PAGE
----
Inches away from DV’s favorite piece. Dianna Vreeland, former editor-in-chief of Vogue, had a piece commissioned by Schlumberger in 1941 and it stayed on her bedside table until she died. The ‘Trophée de Vaillance’ brooch is out of the Tiffany archives and on display. And it is magnificent. It seems to glow from within. Like a military trophy, the platinum and gold breast plate and tunic is set with diamonds.  Behind that is an oval shield encrusted with faceted amethysts and rubies, with a blue and gold enamel border. Blue and grey enamel longbow, arrows, spear, pike and axe project from behind the shield, while a ruby-set star pommel projects from within the armor.



Oh how I love her. The use of shadow and light and images of past placed on past. Brilliant.


Then head outside and walk along the water, or grab an ice cream cone and stroll along the avenue. Looking for a posh place to stay after being inspired by those Mellon jewels? Visit the Vinoy Renaissance Resort just a block or two away. It’s pink! And pure luxury.

Museum of Fine Arts St. Pete

C255 Beach Dr NE
St. Petersburg, FL 33701
(727) 896-2667


Monday–Saturday: 10:00 am–5:00 pm
Thursday: 10:00 am–8:00 pm
Sunday: 12:00 pm–5:00 pm


Tuesday–Sunday: 11:00 am–3:00 pm

Tickets: HERE

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Timucua Arts is an Orlando Gem

Timucua Arts Foundation is a home. A real home where people live. It’s also an event space for musicians and music performances that is unlike any other. A three story space that has every instrument imaginable and which has featured international musicians, Grammy award winners, and countless others. This tour of the space with founder Benoit Glazer is something you have to see to believe. Watch it below.

The mission says it all:

This, we believe:

Art and music belong to everyone.

Art and music are the highest manifestation of our humanity.

Art and music should be enjoyed in the most intimate venue: the living room.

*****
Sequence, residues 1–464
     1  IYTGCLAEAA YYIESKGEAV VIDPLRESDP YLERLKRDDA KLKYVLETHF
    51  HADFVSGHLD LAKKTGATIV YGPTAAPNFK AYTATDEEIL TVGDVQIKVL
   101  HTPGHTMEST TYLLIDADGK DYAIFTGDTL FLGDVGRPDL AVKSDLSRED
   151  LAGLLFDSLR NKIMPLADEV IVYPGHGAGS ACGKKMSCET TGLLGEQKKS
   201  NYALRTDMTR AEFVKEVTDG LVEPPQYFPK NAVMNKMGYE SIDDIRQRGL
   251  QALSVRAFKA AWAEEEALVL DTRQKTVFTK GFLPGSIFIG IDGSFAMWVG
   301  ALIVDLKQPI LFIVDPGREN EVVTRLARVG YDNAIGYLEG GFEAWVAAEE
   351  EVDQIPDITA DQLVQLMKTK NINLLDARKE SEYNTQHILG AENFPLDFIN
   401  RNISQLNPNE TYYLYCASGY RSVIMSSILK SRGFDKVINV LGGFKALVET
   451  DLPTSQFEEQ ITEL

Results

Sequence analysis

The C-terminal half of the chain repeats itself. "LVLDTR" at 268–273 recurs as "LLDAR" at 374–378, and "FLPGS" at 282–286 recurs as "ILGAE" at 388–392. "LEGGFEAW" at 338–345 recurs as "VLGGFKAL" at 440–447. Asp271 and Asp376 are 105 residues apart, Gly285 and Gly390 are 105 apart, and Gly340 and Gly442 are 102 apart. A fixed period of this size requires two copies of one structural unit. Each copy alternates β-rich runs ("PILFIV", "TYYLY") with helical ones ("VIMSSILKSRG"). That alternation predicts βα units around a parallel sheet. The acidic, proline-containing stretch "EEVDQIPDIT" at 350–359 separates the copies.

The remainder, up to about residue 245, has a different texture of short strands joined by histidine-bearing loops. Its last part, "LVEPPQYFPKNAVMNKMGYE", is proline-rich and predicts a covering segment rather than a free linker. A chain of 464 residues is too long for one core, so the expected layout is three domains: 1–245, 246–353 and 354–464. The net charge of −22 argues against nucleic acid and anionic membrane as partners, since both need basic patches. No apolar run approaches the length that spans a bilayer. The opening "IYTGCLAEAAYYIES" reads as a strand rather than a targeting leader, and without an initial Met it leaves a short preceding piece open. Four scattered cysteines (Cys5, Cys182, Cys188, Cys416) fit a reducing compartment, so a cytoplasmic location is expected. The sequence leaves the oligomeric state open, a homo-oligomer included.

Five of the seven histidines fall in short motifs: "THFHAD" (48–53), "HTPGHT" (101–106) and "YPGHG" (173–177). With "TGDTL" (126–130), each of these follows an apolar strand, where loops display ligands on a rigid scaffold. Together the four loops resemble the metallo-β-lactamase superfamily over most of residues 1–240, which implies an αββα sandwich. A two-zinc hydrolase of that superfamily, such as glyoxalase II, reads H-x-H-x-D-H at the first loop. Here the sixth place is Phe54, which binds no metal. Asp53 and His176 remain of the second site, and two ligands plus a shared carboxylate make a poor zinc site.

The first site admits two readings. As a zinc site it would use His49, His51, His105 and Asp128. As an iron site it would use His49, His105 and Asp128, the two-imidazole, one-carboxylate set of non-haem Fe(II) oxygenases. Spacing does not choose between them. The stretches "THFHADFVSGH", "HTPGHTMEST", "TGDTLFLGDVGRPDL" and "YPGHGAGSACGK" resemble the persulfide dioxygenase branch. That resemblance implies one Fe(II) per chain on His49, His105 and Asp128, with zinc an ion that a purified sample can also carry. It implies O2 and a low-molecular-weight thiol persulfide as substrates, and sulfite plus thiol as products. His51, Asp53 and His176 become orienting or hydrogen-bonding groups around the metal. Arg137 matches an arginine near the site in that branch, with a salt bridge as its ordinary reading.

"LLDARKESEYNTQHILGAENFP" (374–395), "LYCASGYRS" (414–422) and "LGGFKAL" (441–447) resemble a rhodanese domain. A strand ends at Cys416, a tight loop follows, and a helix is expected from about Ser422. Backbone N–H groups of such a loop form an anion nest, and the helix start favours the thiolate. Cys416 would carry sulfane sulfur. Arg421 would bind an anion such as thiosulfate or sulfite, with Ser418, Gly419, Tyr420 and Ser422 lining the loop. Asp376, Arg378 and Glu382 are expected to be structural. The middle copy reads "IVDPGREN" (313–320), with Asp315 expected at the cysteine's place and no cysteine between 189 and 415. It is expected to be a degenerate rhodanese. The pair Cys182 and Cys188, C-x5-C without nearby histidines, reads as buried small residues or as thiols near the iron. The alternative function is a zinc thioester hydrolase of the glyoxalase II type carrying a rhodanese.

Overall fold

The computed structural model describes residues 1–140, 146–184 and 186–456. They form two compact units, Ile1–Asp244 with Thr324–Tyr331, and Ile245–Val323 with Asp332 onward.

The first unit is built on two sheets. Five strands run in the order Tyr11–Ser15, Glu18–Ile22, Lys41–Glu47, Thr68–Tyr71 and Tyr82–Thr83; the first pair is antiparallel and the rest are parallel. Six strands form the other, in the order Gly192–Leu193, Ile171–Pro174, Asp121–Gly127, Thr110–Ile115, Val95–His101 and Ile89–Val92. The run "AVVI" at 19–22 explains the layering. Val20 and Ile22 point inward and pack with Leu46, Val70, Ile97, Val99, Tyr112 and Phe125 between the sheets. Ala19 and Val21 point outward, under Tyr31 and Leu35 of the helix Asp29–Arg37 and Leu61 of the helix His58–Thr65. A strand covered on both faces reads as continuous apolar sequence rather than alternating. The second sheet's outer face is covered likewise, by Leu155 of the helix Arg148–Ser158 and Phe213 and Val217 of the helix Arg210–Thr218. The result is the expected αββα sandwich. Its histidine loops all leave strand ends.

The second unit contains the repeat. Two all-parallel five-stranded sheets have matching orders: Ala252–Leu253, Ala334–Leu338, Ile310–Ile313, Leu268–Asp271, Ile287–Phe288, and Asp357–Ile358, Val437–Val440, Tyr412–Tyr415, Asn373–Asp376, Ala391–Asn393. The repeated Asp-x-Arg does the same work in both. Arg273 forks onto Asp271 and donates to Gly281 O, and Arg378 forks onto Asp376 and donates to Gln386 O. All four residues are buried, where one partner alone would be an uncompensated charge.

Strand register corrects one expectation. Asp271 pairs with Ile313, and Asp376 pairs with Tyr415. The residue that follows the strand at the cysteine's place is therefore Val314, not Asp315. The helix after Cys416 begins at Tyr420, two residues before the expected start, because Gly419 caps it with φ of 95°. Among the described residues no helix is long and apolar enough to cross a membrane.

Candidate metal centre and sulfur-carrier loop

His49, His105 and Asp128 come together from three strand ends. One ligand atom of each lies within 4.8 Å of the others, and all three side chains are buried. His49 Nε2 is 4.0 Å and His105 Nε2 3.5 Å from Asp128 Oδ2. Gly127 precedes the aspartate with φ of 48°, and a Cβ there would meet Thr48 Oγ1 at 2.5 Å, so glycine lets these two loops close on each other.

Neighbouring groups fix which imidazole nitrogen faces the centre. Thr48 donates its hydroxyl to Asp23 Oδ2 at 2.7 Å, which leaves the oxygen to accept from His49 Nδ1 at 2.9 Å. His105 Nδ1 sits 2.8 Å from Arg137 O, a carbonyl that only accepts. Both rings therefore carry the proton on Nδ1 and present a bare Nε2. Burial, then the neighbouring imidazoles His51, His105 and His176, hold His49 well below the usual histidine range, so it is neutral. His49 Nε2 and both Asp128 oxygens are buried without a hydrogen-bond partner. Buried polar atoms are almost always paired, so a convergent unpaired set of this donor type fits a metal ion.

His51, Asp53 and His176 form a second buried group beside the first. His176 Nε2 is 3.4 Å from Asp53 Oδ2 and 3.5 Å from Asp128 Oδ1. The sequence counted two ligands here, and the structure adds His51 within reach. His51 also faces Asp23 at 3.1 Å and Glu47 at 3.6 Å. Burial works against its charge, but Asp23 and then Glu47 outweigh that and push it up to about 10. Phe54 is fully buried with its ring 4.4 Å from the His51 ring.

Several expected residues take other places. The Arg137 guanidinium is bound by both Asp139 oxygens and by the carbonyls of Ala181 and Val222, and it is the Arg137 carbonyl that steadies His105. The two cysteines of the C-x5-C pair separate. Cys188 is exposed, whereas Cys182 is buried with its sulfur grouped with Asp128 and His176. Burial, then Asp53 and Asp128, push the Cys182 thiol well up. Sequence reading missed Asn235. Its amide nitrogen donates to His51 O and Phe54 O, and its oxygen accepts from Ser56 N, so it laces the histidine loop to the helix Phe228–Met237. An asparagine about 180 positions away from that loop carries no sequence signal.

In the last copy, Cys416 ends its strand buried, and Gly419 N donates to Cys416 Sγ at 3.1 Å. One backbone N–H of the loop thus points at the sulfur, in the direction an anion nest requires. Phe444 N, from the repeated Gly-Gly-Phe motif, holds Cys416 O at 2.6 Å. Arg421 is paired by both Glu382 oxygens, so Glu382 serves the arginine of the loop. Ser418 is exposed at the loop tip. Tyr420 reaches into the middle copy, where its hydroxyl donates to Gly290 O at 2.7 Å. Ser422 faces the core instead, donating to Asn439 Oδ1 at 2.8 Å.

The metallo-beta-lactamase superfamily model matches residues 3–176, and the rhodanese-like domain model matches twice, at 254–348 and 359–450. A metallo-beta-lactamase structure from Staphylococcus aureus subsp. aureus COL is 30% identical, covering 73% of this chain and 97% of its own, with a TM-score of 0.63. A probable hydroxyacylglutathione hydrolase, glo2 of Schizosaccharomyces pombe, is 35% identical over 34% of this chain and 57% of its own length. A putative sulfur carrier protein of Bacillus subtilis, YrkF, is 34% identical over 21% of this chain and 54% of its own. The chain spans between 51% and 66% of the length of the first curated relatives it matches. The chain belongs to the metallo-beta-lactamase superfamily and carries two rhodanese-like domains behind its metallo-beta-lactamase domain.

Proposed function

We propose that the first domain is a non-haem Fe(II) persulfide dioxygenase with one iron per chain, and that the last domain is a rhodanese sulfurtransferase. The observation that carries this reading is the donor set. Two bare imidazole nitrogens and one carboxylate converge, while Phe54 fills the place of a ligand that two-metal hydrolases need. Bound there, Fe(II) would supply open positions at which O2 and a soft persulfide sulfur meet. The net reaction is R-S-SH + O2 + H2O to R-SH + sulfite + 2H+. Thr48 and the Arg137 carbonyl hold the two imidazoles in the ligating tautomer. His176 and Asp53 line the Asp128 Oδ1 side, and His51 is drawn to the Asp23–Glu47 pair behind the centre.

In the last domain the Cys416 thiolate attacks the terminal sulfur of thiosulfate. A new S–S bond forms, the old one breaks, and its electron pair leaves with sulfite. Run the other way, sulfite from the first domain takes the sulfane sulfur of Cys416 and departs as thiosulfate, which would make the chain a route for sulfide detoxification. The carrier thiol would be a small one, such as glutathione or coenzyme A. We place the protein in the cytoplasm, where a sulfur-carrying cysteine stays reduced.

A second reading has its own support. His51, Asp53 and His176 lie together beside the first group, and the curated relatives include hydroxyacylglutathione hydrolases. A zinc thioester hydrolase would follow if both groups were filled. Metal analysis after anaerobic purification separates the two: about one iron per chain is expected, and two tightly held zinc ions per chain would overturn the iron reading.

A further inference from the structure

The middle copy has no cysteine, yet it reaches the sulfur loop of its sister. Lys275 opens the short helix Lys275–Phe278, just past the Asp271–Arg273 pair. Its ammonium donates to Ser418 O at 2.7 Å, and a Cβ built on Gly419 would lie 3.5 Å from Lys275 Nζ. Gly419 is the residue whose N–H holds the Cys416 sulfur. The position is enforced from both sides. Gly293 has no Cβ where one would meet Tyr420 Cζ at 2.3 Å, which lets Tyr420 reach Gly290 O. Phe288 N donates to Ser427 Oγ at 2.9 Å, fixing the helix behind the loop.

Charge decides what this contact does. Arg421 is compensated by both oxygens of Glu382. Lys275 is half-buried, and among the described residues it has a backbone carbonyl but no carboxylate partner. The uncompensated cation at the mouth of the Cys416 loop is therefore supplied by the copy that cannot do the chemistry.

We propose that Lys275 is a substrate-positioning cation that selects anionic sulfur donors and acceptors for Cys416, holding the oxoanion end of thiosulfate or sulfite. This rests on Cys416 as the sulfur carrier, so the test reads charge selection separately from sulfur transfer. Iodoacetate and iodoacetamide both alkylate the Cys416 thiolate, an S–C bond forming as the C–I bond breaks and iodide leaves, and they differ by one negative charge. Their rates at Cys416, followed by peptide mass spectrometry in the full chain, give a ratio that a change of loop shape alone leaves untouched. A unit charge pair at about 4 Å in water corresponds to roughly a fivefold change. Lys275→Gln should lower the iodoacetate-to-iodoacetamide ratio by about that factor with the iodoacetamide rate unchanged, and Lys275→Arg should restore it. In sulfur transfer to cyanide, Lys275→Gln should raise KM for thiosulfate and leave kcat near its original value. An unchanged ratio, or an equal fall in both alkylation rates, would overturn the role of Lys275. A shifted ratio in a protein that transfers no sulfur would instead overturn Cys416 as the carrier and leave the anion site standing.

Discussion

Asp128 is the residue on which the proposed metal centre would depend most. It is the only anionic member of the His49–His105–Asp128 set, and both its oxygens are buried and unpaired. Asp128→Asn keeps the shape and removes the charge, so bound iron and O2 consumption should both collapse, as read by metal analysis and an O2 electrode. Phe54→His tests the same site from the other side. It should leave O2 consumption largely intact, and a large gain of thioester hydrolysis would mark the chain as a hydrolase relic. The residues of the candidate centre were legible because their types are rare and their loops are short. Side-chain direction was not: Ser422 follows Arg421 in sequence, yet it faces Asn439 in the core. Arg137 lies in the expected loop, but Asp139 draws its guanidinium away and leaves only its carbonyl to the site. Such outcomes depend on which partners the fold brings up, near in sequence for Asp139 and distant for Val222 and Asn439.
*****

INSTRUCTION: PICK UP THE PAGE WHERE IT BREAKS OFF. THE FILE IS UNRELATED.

Every community is better when art and music are performed and nurtured within it.

The mission of the Timucua Arts Foundation is to present and inspire great music and art in Central Florida through performance and education.

This FAQ page will answer all your questions.

Timucua White House


Event Space Address:
2000 South Summerlin
Orlando, FL

Meet the Maker: Reina Castellanos


My name is Reina and I am a Venezuelan illustrator living in Orlando. My work is influenced by my culture and experiences as an immigrant—seeking balance between absurdity and moments of quiet contemplation within the organized chaos of layered color and pattern. Currently I am exploring different applications of my illustrations on small, personal wares like coin pouches and embroideries. 


1. What did you want to be when you were a child and why?

Performer. Artist. Philosopher. Homemaker. Comedian. Architect. Writer. Hacker. Singer. Astronaut. Poet. I am convinced to have grown into an amalgamation of all those things. Little Reina would be proud!

2. What is your favorite thing about your workspace?

My studio window faces the next door neighbor’s backyard and sometimes I am able to hear their band practice. In a weird way it has become very comforting listening to them while drawing or designing. When I notice they are rehearsing, I turn off any kind of distraction I may have around me and continue working alongside them into the evening.

3. What is a scent that defines your childhood and why?

The scent I remember most vividly from my childhood is jasmine. We had a huge shrub at the entrance of our house and, when it was blooming, you could smell it all around the neighborhood. 

4. Name a fear or professional challenge that keeps you up at night?

Prematurely telling myself why and how something will fail before taking a risk. No matter how hard I’ve worked to trust my intuition and respect my process, I still catch myself doing it regularly. I think it is the creative professional equivalent of the falling teeth nightmare.

5. What is your personal or professional motto?